Holly Holm upsets Ronda Rousey in UFC shocker
Melbourne, Australia — Ronda Rousey was the UFC's unstoppable force until Holly Holm used the former champion's aggression against her to produce one of the sport's biggest upsets.
Rousey chased Holm around the ring at UFC 193 on Sunday — looking for the right hold and taking head shots along the way — until Holm saw an opening 59 seconds into the second round and snapped a kick to the head that immediately dropped her more fancied opponent to the canvas.
Holm (10-0) jumped on the prone Rousey, delivering several blows to her head before the referee intervened, ending Rousey's 12-fight unbeaten run and handing Holm the bantamweight title.
An ecstatic Holm jumped around the ring while Rousey stayed on the canvas as she received medical treatment amid the roar of a stunned, record UFC crowd.
"She's won a lot of fights and imposed her will on a lot of fighters," Holm said. "So I expected her to be aggressive and impose her will on me.
"She had me on the cage for a minute and obviously she was trying in for a take down right there ... she had a lot of things she was trying so I'm just glad I put in the practice," she added.
Rousey, a former judo Olympian, was unbeaten through 12 UFC fights before meeting Holm, and a win would have been her seventh title defense. Instead, Holm, a 34-year-old veteran female boxer from Albuquerque, New Mexico, has the championship belt.
"We figured her aggression was coming, if it didn't that's OK, but with footwork and my career we figured she wouldn't give me that space," Holm said. "There's been a lot of blood, sweat and tears but it was all worth it."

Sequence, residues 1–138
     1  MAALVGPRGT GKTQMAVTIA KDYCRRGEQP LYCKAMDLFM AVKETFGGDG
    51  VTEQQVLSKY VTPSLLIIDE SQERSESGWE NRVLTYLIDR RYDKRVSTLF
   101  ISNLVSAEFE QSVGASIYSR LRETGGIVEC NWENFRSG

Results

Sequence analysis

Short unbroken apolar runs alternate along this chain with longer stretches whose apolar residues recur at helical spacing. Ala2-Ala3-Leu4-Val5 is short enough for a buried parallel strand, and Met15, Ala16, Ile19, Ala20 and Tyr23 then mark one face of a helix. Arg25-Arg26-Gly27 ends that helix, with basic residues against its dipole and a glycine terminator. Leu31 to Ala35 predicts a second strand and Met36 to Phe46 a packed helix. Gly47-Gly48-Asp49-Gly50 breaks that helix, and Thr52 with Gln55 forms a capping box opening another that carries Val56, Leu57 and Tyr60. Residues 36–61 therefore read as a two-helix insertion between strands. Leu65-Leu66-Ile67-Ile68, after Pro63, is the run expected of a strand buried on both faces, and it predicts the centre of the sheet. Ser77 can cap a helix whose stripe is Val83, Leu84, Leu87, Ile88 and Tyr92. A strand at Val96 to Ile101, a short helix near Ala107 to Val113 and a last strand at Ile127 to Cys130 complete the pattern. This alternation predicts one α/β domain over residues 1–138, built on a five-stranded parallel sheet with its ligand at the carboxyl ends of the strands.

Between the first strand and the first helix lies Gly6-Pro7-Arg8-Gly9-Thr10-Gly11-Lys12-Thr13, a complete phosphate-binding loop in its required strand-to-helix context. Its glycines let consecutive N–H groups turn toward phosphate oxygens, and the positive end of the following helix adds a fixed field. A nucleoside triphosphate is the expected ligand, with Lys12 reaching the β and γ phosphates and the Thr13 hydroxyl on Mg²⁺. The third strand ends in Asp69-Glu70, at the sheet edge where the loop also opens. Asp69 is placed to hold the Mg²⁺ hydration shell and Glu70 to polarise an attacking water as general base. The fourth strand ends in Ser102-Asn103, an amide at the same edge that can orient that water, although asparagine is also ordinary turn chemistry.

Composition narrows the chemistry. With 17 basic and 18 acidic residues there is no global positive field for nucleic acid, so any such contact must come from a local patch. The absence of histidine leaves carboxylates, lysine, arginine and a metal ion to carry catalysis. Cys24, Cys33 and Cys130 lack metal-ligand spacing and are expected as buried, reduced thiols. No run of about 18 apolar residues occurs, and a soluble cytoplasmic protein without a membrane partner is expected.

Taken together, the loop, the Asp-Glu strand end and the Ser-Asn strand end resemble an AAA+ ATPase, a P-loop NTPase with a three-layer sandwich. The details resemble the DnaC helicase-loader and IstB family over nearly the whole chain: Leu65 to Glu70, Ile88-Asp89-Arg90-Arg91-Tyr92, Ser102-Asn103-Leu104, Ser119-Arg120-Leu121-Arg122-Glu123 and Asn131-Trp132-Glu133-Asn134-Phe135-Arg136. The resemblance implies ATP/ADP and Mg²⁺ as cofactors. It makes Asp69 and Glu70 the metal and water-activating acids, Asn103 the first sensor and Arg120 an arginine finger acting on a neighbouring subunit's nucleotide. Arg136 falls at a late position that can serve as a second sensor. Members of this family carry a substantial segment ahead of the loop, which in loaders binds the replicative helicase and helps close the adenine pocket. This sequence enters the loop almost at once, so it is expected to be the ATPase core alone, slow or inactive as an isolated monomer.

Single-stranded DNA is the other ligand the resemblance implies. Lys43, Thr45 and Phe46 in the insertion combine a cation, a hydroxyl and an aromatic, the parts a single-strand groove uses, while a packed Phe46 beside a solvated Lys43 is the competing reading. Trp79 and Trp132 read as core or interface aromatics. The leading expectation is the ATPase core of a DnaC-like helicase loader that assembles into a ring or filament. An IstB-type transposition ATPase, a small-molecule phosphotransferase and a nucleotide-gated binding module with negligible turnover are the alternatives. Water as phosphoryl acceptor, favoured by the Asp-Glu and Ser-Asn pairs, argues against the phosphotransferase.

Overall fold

Rousey left the stadium to receive treatment for concussion and facial cuts at a nearby hospital after the loss and skipped the post-fight media conference.
"She was transported (to hospital) because she got knocked out," UFC chief Dana White said. "Obviously she's completely bummed out and depressed."
White said a rematch between Holm and Rousey made "a lot of sense" and would put other potential matchups on the backburner.
"Obviously we don't make fights the night of the fight, but the rematch makes a lot of sense," he said. "The rematch is what the people want to see."
In the other title bout, a bloodied Joanna Jedrzejczyk outlasted Valerie Letourneau to successfully defend her straw-weight belt in a five-round slugfest.
Jedrzejczyk (11-0) won a unanimous points decision over Letourneau (8-4) who offered the champion one of her tougher fights in some time.
The six-time Muay Thai world champion Jedrzejczyk started to pressure her opponent from the second round with some trademark, lightning-quick combinations to Letourneau's head, while forcing the challenger to keep her distance with some effective kicks.
Organizers announced a crowd of 56,214 at Melbourne's Etihad Stadium, which normally hosts Australian rules football matches. The mark eclipsed the 55,724 fans who attended UFC 129 at Toronto's Rogers Centre in 2011.
Rousey, 28, has taken UFC by storm since her debut in 2012 and her success has led to several movie projects as well the publishing of her autobiography.
But it was Holm's calm confidence and the manner of her win that attracted all the attention Sunday.
"Tonight was one of those moments," White said. "These are the moments in fighting that make it so crazy and so fun. Tonight was one of those moments."
Holm, a former undisputed welterweight boxing champion, said the moment of her UFC title victory was "one of those moments that you live for."
"They're the scariest moments. This fight was a lot for me mentally," she added. "I couldn't tell you how many times I cried in the gym leading up to this fight.
"It's a lot to take in, but those kinds of fights are the ones where a loss is devastating but a win is that sweet of a victory."